Wild Duck Care

Wild ducks are very hardy and make great additions to the aviary or backyard pond. They have an average lifespan of 5-10 years in the wild and up to 20 years in captivity.

Shopping List: Mazuri Waterfowl Feed, waterer, and feeder, nesting box or ground cover.

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At the Post Office: Our ducks are shipped express mail in a USPS-approved box. Promptly pick up your package and follow the release recommendations below.

Live Guarantee: We guarantee that properly cared for birds will be alive and well for 48 hours after they arrive at your post office. Please see our full policy CLICK HERE.  

Release: Pick your ducks up from the post office as soon as possible to minimize stress. While maintaining a calm composure, release your ducks into a quiet area once you arrive home and handle them minimally. Their enclosure should provide ample space and have an area where they can hide if desired. Be sure to provide your ducks with access to swimming water and food when they arrive. The water source should have low sides for getting in and out. To acclimate your ducks to their new home, house them in the enclosure for several days before releasing them on their pond or lake, or introducing them to an existing flock. If your only option is to place your new ducks with existing birds, make sure they aren’t kept away from their food or water source and are not picked on. If this happens, remove the existing flock from the enclosure to let the new ducks adjust. After several days, begin reintroducing the birds back into the pen one bird per day. 

Feed: We recommend Mazuri waterfowl feed, but any 17% protein pellet is fine. Chicken layer feed is an acceptable substitute if waterfowl feed is not available. You can give the layer feed by itself or mix it with grains like wheat, corn or milo. Ducks are omnivores, meaning they eat and forage for both meats and plants. In the wild, they eat fruits, nuts, berries, worms, frogs, slugs, snail, insects, pond algae and vegetation, small fish and eggs, and more. Diving ducks also enjoy catfish or trout pellets.

Water: Ducks need water. The source can be as simple as a kiddy pool, but they will be much happier in a larger setting. Circulating water is ideal, but not a requirement. In the winter, an aerator is recommended to keep your pond from freezing so the ducks may still drink. Water should be one to two feet deep for breeding purposes. 

Housing: We sell most ducks with full wings, not pinioned. Upon ordering, you can choose to have your birds’ wings clipped to help with acclimation, or we can pinion them for you to render them permanently flightless. We recommend you keep them in a fully enclosed aviary if they are not pinioned.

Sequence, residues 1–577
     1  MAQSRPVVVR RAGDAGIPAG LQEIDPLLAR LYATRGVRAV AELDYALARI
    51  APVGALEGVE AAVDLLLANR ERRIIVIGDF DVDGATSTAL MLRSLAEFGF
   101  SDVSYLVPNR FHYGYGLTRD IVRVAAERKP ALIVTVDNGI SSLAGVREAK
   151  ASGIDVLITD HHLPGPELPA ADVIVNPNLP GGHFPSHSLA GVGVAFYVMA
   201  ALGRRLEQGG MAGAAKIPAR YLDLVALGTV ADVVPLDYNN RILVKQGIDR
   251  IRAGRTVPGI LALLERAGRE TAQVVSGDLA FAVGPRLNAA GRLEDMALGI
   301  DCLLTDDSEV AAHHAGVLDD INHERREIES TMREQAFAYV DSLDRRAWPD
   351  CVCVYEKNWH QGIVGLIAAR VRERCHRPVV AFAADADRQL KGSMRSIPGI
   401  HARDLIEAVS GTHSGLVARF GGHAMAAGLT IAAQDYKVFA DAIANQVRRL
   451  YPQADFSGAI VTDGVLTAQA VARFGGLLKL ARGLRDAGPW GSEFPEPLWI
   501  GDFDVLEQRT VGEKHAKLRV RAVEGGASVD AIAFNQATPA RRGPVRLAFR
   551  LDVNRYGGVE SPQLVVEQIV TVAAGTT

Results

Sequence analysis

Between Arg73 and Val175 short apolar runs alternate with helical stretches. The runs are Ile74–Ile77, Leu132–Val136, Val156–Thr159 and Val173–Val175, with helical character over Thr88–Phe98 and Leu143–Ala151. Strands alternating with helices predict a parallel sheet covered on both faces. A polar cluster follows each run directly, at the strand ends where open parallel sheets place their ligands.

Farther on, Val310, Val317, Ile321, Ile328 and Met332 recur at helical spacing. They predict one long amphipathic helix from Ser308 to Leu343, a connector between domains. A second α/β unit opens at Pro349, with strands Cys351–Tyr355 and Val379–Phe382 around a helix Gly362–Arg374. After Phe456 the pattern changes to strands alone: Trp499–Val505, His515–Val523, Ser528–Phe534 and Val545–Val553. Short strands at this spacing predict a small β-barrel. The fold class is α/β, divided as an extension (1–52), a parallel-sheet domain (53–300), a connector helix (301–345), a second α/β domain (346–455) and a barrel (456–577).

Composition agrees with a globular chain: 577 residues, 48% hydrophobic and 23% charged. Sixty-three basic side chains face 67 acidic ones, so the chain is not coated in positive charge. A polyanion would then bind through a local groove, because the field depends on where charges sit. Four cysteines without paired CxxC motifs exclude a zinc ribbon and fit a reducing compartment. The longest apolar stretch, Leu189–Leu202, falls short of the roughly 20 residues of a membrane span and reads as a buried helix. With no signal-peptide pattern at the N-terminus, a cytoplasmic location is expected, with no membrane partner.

The pen size will vary for the breed(s) and quantity of ducks you have. Provide at least 10 square feet of floor space for one pair of ducks. As the pen size increases you can fit more than one pair per 10 square feet; consider the types of nesting space needed, the ducks’ temperament, the size of the water source, etc. Two sides of the aviary should be solid for weather protection and security for the birds. Predators can be a problem, so use a heavy wire mesh on all open sides of your aviary, including the ceiling. Use four feet of hardware cloth or solid construction around the bottom of each side to keep your ducks safe.The aviary should have an enclosed floor, either a solid foundation or a buried wire, to prevent predators from digging their way into the pen. The aviary should be kept clean with no mud on the floor. The water source also needs to be kept clean at all times. A few inches of gravel covered by a couple of inches of sand is a great choice for the floor of your aviary and helps with drainage. 

Wild ducks are cold hardy, but you may need to take precautions if temperatures reach the single digits or lower. Layers of hay bedding or bales of hay will provide protection from the wind. Cold sensitive species may need to be kept indoors if it gets too cold. 

Breeding: Keep wild ducks in pairs. Duck species in which the males develop their color in the first year may be able to breed during their first spring, such as Mandarins, Wood Ducks and most Pintail and Teal species. If the coloring does not come in until their second year, they may not breed until year two or three. There are numerous circumstances that affect whether a duck will breed. Some factors include cleanliness of the environment, depth of water for mating, availability of a breeding partner, the size of pen and nesting space, and the amount of stress due to other birds in the cage or outside distractions.  

Most wild ducks will only nest once a year. Wood ducks and mandarin ducks need a raised nesting box. Provide a ramp for pinioned birds to get up to the nesting box. Most other ducks will make a nest on the ground. If there is a lack of brush or plants for cover, a few cedar branches in a corner will do. Otherwise, a plastic storage tub with a hole for the entrance works fine as well. Provide three nesting boxes (space) for every two pairs of breeders. 

Safe Handling of Poultry: After handling poultry, wash your hands with soap and warm water. Do not let young children, elderly persons, or people with weak immune systems handle or touch live poultry. Do not snuggle or kiss your birds. You can get Salmonella from touching live fowl. Your birds can carry Salmonella and still appear healthy and clean. Regularly clean your poultry equipment.

 

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